Now before you laugh this off as such an event being less likely than you winning the Powerball lottery, you had better take a look at this link: http://neo.jpl.nasa.gov/news/news149.html That one in going to miss the Earth by only 5.7 times the diameter of the Earth in 2029. That asteroid also has a diameter of 320 meters or over 1040 feet. How much damage could that do? Well let’s look back to the damage caused by the Arizona meteorite which was only 150 feet in diameter (<50 meters) http://www.barringercrater.com/effects/. We are probably talking about wiping out the better part of Texas here or worse. Note that the article says this is BELOW the level of geosynchronous Earth satellites. One more thing about the Powerball lottery; Why do people pay money to play something they know they have a less than 1 in hundred million chance of winning? Answer: Because the payoff is so large. Now reverse that logic as to asteroids; Why should you worry about the very very small chance a large asteroid or comet will collide with the Earth? Because the payoff is so large if it does.
Now I want to insert the “what would I do” if I was with NASA. My very first comment is that you don’t need a manned mission to nuke an asteroid or comet headed for Earth. There are two methods to “drill” a nuke into an asteroid. First would be to land a probe and have it land on the asteroid that had such automated capacity to drill a nuke in. I will note that this part was done back in 2001. Remember the landing on Eros? (http://news.bbc.co.uk/1/hi/sci/tech/1148071.stm and http://www.suite101.com/article.cfm/solar_system/59734
http://news.bbc.co.uk/1/hi/sci/tech/1162463.stm )
The second way makes more sense to me and is actually easier to do IMHO. Here you want to punch a nuke into the asteroid so you can just aim the satellite right into it. Torpedo it. The trick though is developing a nuke that would survive the harsh impact and then blow up at depth inside the steel or rocky asteroid or comet. The military calls these “bunker busting” weapons, originally made from old cannon barrels, and non-nuclear variants are nothing new at all, see: http://en.wikipedia.org/wiki/Nuclear_bunker_buster. It is interesting to note that exactly such a nuke has been in the research and development works of the US Pentagon for some time now. It’s called a RNEP for Robust Nuclear Earth Penetrator (http://www.globalsecurity.org/wmd/systems/rnep.htm ). This remains an issue of Congressional funding http://www.ananuclear.org/rnep.html Clearly using a penetrating bunker buster type tactical nuclear bomb could work for an asteroid or comet. Rather than going through the difficulties of a landing on an asteroid or comet and drilling, we could merely proceed with the presumably easier task of merely intercepting it (torpedoing it). This was exactly what the 2005 Deep Impact probe did by hitting an asteroid at 23,000 mph, a mere 200 feet off its target on a city-sized asteroid.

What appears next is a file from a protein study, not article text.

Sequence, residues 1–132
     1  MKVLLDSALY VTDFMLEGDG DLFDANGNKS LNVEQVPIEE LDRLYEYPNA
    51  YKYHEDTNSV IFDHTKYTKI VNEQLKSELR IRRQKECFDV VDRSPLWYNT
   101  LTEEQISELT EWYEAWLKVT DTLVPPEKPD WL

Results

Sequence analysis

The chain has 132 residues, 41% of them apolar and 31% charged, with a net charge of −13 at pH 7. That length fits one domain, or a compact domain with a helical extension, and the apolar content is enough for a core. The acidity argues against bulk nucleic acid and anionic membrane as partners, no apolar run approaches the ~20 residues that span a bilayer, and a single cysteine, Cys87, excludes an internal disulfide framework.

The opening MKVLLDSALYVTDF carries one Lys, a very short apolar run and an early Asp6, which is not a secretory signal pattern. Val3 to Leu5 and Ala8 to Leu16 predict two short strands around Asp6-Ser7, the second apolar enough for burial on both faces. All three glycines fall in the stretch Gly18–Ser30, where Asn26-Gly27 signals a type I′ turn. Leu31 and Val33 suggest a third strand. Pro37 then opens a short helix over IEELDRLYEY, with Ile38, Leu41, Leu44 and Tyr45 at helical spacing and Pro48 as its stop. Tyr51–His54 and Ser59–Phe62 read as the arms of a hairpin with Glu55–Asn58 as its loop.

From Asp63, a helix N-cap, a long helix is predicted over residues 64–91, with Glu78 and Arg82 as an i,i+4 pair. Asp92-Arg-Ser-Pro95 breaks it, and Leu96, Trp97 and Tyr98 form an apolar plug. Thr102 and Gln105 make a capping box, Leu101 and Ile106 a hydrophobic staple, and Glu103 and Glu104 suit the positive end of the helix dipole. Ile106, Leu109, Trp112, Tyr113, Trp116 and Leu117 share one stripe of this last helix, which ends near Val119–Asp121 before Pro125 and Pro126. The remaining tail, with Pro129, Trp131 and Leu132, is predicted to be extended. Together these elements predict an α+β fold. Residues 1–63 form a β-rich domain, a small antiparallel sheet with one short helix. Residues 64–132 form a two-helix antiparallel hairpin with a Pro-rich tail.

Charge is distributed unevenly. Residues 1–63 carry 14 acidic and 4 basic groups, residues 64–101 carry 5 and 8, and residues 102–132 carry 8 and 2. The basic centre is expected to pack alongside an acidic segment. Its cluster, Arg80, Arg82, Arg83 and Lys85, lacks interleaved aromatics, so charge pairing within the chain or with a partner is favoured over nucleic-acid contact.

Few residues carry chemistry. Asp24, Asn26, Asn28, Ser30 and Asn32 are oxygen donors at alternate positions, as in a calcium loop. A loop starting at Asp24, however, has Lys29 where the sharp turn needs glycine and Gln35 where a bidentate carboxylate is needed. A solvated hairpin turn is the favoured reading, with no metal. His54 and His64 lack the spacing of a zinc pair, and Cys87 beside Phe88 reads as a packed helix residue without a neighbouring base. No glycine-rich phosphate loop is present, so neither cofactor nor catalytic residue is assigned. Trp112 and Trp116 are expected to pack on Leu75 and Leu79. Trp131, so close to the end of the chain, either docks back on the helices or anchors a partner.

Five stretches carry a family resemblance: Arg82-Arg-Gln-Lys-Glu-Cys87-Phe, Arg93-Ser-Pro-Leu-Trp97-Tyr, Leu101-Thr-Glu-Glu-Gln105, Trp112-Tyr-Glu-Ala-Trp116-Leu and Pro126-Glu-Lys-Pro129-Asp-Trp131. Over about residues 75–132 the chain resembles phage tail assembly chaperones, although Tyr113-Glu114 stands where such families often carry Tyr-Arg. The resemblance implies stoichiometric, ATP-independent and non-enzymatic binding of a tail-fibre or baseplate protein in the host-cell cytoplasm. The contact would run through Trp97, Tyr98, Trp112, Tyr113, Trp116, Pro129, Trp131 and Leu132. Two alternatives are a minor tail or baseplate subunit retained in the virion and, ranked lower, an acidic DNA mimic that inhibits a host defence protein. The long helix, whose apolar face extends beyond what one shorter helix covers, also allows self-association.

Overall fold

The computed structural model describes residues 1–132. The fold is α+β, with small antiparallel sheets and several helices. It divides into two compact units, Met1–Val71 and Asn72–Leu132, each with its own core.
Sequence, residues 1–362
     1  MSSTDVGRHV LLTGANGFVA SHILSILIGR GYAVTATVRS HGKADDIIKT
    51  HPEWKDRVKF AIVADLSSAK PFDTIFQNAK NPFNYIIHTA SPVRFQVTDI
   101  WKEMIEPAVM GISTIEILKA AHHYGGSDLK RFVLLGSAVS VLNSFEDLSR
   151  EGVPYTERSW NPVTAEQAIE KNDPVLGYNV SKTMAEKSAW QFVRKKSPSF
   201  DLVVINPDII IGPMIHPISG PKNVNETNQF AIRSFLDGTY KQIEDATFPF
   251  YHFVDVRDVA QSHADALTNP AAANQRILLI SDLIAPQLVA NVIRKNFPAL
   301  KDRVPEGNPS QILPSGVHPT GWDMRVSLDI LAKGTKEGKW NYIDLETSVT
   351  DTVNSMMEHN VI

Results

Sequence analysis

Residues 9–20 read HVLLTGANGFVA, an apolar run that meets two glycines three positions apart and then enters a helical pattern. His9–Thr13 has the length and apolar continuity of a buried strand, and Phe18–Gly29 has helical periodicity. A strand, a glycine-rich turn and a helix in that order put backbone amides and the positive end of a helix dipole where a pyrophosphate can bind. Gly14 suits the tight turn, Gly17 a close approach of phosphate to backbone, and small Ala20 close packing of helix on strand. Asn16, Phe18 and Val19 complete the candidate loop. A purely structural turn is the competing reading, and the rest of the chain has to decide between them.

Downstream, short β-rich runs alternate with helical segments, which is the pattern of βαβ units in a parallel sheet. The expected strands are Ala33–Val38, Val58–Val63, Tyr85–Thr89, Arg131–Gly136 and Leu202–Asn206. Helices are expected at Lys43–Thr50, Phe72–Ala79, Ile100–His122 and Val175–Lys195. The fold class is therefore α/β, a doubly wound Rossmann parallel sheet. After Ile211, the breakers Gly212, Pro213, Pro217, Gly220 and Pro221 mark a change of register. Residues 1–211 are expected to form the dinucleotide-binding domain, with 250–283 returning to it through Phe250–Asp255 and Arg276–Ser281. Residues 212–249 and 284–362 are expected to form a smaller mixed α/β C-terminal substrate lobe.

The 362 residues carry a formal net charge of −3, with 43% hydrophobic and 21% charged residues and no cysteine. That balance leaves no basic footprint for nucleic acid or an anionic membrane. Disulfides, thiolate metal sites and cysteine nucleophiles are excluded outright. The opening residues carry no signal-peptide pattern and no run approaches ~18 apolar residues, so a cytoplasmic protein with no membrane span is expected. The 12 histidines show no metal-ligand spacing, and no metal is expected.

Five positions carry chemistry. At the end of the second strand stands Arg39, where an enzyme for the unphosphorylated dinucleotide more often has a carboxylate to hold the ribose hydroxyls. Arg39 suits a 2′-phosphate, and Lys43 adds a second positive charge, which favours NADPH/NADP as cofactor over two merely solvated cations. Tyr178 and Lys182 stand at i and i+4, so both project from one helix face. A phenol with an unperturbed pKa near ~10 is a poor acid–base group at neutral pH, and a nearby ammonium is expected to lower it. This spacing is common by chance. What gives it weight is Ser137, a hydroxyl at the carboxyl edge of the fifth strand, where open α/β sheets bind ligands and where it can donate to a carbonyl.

http://www.usatoday.com/tech/science/space/2005-07-03-deep-impact_x.htm
http://www.washingtonpost.com/wp-dyn/articles/A26386-2005Apr4.html
It is clear IMHO that scientists are considering this method for dealing with an inbound asteroid or comet. They even call this entire line of thinking deep impact.
http://www.nasa.gov/mission_pages/deepimpact/main/index.html
http://deepimpact.jpl.nasa.gov/home/index.html
Billions have now been spent developing exactly the technologies needed to deal with an incoming asteroid or comet. The question is, was there merely done a precautionary science, or do they have a reason to keep this research moving along. Consider it. What would you do, if you knew?